This past weekend I was in Austin, speaking at the MomCom conference. While I was there, a lovely woman who was familiar with my work approached me, and we started talking. At one point, she mentioned that her daughter had recently bought an SLR camera, and asked what single piece of advice I would give her.
Because I'm difficult, I instead came up with two things:
1. Shoot every day. Like, seriously, every day, without fail. Even if it's the end of the day, and you're tired and realize that you never took your shot, just grab your camera and compose a shot wherever you are -- 3 feet from your bed, if necessary. But shooting every day serves two purposes: first, it forces you to become creative with your compositions and learn new ways of using your camera; second, it gives you a body of work to monitor progress over time.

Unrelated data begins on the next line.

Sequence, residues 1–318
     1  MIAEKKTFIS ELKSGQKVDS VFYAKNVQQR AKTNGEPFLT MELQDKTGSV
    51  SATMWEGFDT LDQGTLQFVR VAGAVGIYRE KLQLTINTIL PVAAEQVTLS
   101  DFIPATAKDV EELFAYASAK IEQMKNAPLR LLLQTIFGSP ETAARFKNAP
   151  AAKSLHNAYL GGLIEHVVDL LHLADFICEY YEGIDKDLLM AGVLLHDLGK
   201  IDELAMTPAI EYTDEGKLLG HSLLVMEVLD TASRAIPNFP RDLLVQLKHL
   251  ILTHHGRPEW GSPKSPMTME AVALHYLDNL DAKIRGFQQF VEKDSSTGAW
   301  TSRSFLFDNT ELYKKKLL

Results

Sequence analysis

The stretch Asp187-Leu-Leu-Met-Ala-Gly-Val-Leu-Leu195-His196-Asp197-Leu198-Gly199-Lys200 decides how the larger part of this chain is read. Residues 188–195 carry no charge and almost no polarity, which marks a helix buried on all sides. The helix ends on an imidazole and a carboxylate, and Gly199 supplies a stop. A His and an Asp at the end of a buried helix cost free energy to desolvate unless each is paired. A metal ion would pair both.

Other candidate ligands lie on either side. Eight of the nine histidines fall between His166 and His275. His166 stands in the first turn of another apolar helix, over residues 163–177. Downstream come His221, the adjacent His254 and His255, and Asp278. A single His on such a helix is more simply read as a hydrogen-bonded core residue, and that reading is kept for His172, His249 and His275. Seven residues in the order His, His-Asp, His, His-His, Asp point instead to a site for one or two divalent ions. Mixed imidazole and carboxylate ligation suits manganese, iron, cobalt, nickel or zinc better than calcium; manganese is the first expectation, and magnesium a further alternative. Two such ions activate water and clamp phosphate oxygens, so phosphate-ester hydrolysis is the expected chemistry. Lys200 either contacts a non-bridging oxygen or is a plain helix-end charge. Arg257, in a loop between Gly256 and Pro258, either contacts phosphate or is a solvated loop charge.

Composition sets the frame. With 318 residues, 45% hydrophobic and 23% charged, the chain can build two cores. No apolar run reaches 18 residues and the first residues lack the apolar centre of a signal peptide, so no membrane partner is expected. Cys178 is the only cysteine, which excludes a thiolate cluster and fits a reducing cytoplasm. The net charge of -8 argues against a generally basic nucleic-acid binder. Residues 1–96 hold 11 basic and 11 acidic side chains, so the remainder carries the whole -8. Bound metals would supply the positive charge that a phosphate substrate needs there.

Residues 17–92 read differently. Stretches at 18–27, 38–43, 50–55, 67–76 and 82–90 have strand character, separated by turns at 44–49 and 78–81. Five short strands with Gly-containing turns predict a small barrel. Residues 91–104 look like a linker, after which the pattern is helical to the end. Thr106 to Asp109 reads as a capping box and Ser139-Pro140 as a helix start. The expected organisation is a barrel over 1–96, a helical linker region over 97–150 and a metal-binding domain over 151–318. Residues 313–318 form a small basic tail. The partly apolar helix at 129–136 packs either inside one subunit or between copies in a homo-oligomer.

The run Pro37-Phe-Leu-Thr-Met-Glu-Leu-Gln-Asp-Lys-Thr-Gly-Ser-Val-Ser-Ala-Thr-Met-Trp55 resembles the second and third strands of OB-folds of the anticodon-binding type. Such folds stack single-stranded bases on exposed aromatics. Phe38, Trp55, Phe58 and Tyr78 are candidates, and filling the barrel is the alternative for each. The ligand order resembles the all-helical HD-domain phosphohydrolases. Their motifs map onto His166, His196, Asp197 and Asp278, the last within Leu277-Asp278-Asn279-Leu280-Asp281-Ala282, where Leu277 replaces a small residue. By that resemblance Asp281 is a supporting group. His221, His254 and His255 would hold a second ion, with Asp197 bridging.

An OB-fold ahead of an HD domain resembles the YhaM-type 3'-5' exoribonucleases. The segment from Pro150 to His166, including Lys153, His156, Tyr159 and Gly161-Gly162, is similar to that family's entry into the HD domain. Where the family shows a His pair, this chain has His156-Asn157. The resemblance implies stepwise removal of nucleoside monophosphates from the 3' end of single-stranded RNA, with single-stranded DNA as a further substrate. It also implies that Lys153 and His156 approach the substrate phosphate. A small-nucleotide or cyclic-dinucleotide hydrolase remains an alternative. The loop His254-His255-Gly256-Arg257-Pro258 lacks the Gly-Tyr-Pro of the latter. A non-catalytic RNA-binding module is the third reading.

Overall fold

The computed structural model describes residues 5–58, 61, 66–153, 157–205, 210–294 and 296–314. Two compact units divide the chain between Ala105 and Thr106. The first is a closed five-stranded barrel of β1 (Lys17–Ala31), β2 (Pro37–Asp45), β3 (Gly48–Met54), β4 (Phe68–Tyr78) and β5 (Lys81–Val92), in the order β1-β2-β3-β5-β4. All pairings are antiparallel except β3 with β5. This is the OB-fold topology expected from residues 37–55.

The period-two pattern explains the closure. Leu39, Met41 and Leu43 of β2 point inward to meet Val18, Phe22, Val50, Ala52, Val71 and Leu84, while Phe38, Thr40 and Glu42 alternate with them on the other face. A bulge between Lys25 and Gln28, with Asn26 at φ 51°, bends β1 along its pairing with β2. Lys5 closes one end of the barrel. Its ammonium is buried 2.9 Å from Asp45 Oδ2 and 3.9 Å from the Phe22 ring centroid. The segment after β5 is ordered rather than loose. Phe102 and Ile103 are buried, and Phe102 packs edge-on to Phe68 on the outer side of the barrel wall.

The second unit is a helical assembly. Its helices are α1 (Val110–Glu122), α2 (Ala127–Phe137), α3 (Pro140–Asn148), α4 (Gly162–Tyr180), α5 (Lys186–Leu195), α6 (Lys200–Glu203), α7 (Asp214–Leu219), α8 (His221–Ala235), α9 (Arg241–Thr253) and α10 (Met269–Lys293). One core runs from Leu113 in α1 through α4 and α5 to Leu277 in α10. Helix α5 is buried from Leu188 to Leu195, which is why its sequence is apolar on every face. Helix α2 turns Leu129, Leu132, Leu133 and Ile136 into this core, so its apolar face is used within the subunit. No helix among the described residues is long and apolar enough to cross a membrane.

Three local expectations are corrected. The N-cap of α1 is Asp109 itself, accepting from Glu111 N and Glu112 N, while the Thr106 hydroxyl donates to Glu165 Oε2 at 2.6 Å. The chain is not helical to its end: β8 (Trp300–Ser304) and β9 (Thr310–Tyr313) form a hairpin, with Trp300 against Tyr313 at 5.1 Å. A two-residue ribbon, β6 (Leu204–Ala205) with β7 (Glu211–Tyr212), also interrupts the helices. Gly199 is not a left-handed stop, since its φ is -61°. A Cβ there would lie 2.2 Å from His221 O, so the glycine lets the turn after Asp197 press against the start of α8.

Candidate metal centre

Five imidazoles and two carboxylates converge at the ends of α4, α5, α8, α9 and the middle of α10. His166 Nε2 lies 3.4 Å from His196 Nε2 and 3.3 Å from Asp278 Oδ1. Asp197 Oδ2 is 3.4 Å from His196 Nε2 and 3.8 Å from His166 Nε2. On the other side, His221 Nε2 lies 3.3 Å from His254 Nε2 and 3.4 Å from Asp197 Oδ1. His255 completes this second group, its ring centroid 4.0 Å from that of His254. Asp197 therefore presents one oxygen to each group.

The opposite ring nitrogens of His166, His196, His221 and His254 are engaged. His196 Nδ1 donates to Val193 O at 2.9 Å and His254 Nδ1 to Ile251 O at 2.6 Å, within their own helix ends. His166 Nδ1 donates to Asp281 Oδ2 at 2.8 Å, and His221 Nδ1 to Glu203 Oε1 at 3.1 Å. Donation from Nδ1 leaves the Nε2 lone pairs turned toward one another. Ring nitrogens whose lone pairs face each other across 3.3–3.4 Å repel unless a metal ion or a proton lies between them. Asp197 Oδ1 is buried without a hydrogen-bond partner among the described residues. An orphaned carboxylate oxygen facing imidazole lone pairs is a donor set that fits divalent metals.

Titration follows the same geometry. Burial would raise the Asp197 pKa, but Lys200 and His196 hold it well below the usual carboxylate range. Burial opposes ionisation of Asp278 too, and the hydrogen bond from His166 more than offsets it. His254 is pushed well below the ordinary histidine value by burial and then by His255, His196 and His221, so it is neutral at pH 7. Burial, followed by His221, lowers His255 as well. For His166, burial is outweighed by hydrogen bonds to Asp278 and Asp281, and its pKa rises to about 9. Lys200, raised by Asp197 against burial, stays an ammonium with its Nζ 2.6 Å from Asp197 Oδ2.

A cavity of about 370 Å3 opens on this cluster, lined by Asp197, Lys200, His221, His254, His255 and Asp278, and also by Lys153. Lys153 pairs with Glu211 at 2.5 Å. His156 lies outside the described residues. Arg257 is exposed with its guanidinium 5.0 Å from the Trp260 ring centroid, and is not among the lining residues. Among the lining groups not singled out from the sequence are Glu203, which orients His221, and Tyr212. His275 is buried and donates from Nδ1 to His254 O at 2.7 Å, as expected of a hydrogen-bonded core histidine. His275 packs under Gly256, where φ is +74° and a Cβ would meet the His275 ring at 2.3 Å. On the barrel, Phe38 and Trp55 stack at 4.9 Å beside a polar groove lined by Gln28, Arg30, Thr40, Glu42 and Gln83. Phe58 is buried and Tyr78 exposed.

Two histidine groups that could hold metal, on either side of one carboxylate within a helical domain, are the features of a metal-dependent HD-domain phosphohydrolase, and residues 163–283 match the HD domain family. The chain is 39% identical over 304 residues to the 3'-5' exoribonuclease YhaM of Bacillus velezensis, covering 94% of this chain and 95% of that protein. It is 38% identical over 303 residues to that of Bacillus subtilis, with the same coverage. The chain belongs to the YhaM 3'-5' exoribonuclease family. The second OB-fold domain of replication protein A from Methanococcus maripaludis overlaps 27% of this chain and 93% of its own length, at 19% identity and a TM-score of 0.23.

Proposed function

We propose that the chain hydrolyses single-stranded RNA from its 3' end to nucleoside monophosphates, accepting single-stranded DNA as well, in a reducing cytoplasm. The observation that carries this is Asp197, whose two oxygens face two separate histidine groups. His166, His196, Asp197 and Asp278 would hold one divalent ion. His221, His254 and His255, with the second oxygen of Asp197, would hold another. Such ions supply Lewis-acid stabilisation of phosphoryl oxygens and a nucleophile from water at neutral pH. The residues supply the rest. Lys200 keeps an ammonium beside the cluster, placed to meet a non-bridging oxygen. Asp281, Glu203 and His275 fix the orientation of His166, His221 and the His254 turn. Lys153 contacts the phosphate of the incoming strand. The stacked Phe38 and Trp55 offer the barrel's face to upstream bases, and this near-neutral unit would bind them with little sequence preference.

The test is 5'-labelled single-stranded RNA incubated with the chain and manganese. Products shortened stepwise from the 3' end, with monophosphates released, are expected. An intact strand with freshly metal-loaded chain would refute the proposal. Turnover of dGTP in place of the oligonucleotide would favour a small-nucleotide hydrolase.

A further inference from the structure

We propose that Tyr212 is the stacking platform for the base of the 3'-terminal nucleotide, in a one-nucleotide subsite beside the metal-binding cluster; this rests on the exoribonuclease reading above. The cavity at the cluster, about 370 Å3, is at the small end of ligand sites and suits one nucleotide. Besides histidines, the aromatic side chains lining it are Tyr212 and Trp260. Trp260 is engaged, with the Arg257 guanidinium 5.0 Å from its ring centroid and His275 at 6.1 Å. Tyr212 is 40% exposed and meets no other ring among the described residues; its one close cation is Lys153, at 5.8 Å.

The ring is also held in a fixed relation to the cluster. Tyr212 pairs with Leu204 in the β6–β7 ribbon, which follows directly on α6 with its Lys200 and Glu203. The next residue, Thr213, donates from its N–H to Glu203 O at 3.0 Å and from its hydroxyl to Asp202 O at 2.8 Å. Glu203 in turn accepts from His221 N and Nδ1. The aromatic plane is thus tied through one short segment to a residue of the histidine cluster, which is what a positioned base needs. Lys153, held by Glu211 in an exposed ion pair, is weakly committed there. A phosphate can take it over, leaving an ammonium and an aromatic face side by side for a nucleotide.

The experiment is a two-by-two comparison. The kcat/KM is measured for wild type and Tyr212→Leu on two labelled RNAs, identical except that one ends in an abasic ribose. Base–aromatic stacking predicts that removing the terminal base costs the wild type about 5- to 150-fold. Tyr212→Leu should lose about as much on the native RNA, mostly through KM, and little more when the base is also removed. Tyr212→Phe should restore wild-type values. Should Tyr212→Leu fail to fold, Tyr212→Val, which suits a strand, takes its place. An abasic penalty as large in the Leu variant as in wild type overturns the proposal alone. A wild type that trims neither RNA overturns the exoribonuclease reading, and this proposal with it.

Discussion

2. Periodically put your photographs somewhere where people can see them. Online, preferably. Not just for the feedback -- I mean, of course feedback is fine -- but more for the fear of feedback. When you shoot knowing that other people will see your work, you try harder. It's a good motivator to keep improving your work.
All the other stuff -- learning about ISO, shutter speed, aperture, composition, post-camera processing -- it'll come: you'll be motivated to figure it all out, either by taking classes, or going online, or simply experimenting on your own. But do those two things above, and you will inevitably get better.
(While I'm pretty good at #2, I'm not as good as I used to be with #1 -- something I realized while I was walking around my neighbourhood yesterday, taking the shots above. Time to return to keeping my camera on me every day, I think ...)